To enable air taxis to operate in the skies over cities, Skyryse CEO Mark Groden says it won’t be enough to match the safety of commercial airliners. They’ll have to be as safe as elevators. That’s just one element of a business plan that he claims will allow his company to develop an urban air transport network that will make a flight as affordable as an Uber or Lyft ride — and without removing the pilot from the cockpit, as many competing urban air taxi startups are banking on to reduce costs.
Groden’s Los Angeles-based startup is working on a suite of technologies that he says will make flying vastly easier for helicopter pilots, as well as provide sophisticated protections in the event of system failures, and optimize routes and flight times. Skyryse announced Tuesday it has picked up $13 million in additional funding to help it pull it off, including a personal investment by Ford Motor Chairman William Clay Ford Jr., bringing its total funding to $38 million. It also showed off video of an autonomous flight by one of its four Robinson R-44 helicopters equipped with its technology.
But autonomy isn’t the goal for Skyryse. Groden, a 29-year-old sensor fusion Ph.D. from the University of Michigan, says the technology it’s developing is aimed at creating simpler flight controls for helicopters, freeing pilots from the heavy cognitive engagement that current manual controls demand, and creating the kind of “envelope protection” that’s on modern Airbus planes and the Boeing 787 that prevents pilots from performing unsafe maneuvers with their aircraft.
By making piloted flight of current helicopters safer, quieter and more efficient, Groden believes he’ll be able to win approval from regulators to launch a wide-scale transportation service much more quickly than the scores of startups developing novel forms of autonomous electric aircraft.
Other companies have demonstrated the capability to automate helicopter flight: Boeing-owned Aurora Flight Sciences trialed autonomous cargo deliveries using a Bell UH-1H in 2018, and Lockheed-Martin’s Sikorsky unit earlier this year showed off a system called Matrix on an S-76 that’s also intended to reduce pilot workload and simplify flight controls.
Skyryse says its aiming for a more comprehensive suite of technology, which it describes as a Flight Stack, including a diagnostic system Groden likens to the Star Wars droid R2-D2 that informs the pilot when there’s a malfunction and what the best options are, as well as helping to stabilize the helicopter.
Ten years ago, Captain Chesley Sullenberger famously landed an A320 safely on the Hudson River after both engines were destroyed by ingested birds, but it took him time to run through checklists to diagnose the problem, Groden points out, during which the plane lost altitude. “If Sully and his copilot had our system onboard they would have likely ended up landing in Teterboro,” he says.
Skyryse has also created a monitoring system for helipads that collects 30 data points every 2.5 seconds — including wind speed, wind direction, visibility, temperature, cloud base and humidity — to help pilots choose takeoff and landing approaches that will be as quiet and quick as possible.
Most helipads have nothing more than a windsock to help pilots, says Groden, which can lead them to orbit the helipad at low altitudes to figure out their approach, annoying neighbors and slowing flights.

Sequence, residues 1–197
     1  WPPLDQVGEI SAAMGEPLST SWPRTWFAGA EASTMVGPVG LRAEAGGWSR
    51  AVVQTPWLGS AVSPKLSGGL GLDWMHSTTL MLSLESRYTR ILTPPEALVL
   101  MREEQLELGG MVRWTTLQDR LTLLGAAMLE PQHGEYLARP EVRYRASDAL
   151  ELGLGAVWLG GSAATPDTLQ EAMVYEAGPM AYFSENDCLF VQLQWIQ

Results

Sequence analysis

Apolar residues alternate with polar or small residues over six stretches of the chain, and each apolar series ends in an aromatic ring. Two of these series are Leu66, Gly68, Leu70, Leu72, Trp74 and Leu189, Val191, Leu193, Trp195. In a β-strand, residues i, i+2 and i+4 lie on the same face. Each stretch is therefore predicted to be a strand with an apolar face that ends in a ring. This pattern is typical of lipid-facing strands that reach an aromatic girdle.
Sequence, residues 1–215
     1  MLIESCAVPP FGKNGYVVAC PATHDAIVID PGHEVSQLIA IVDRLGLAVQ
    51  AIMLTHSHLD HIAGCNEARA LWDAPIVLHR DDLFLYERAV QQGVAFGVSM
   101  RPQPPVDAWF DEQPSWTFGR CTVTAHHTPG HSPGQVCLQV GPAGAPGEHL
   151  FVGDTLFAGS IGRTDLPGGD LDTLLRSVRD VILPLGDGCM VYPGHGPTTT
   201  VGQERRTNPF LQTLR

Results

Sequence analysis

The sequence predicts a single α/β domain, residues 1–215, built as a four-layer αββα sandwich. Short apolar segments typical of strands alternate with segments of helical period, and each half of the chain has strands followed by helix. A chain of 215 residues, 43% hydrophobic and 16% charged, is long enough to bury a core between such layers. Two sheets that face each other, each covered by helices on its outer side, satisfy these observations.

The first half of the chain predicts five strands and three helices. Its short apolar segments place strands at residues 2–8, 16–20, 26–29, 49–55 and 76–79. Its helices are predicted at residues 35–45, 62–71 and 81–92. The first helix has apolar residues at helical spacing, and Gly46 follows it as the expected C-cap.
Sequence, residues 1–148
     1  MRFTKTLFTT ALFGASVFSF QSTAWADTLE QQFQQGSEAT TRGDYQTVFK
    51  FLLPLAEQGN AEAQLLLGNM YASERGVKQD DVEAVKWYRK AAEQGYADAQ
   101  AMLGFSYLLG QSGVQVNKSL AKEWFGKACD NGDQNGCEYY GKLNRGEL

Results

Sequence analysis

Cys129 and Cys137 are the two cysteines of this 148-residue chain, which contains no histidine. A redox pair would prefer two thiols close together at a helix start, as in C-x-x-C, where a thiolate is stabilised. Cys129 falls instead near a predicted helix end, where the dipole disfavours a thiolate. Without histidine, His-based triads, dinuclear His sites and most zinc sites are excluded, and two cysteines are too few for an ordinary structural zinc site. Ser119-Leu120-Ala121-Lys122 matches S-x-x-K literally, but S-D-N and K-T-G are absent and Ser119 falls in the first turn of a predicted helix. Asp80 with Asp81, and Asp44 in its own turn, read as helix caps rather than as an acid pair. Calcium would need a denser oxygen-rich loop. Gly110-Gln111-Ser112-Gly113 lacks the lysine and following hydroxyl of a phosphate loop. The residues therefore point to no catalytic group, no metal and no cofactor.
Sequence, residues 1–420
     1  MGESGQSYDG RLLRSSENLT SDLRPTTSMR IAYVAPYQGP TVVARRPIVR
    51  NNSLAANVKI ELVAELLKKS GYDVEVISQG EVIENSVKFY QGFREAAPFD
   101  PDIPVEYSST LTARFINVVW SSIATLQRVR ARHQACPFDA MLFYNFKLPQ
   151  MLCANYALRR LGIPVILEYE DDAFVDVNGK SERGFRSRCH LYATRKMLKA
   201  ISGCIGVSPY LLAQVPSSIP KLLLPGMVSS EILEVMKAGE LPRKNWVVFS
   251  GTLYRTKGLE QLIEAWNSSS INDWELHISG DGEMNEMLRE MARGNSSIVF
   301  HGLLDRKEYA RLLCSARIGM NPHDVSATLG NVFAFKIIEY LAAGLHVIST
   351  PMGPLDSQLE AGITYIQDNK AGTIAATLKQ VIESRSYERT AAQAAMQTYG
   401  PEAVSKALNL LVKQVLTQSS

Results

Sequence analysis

Over the summer, Skyryse tested out some of this technology with a pilot transportation service connecting downtown Los Angeles to Orange County. Customers used an app to book car service to a heliport, transferred to one of SkyRyse’s waiting helicopters and then after landing, to another car to their destination. The cost: $149 per trip. Groden says Skyryse was able to achieve waiting times of 2 minutes to as little as 45 seconds through roughly 1,000 trips covering 30,000 miles.
To reduce noise, Groden says Skyryse has trained its pilots to fly in a manner that reduces the chopping sound associated with helicopters.
The company considered launching a wider version of the transportation service but decided to table it to concentrate on developing its technology, Groden says.
The company previously trialed using its helicopters for EMS service with the city of Tracy, California.
Groden claims that the full spectrum of Skyryse’s technologies will enable vertical flight to achieve unit economics at parity with automobiles. “We think automobiles will become something that primarily is used to get you to and from the vertical flight machine,” he says.
That’s a tall task: taking off and landing vertically is energy intensive and helicopters are less efficient than winged aircraft in forward flight. Helicopter airport transfer services have struggled over the years due to high costs.
Groden has convinced at least some deep-pocketed investors that he’s onto something. Skyryse closed a $25 million A round in 2018 including VenRock and Eclipse Partners. The fresh $13 million announced Tuesday includes funding from Fontinalis, as well as Bill Ford.
Groden says it will lower costs in multiple ways. One example: most small single-engine helicopters like the Robinson R-44s that Skyryse operates don’t have the expensive instrumentation necessary to enable them to be flown in cloudy weather. Even in famously sunny L.A., cloudy skies ground those helicopters about 22% of the time. “That’s terrible for the customer and terrible for us because all of our fixed overhead costs are amortized over a much more limited set of available hours,” he says. Groden says Skyryse will enable flying in all weather.
“We’re confident that the technology we’re working on integrated into aircraft with technology already fully capable of moving people though the sky can reach those compelling unit economics,” he says.